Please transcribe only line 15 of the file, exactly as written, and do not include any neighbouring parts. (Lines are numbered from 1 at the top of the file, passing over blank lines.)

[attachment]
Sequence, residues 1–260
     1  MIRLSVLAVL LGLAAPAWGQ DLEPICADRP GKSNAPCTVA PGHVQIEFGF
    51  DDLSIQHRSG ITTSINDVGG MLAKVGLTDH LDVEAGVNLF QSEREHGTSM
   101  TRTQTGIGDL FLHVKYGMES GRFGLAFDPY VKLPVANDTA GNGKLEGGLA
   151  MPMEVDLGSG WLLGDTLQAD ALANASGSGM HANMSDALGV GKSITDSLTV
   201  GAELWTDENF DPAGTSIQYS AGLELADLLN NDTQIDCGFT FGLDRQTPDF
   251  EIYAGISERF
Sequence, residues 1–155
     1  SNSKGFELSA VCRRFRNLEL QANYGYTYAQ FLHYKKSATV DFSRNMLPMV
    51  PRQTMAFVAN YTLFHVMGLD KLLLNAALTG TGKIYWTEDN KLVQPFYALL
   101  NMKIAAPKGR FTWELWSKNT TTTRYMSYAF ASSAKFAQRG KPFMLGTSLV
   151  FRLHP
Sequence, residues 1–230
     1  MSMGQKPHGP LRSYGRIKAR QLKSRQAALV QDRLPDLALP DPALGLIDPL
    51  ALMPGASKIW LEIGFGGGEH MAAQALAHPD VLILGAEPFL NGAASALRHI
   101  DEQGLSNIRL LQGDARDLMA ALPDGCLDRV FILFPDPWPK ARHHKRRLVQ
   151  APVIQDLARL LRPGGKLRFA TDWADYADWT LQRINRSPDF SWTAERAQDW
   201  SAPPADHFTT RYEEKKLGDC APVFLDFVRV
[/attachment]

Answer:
    51  ALMPGASKIW LEIGFGGGEH MAAQALAHPD VLILGAEPFL NGAASALRHI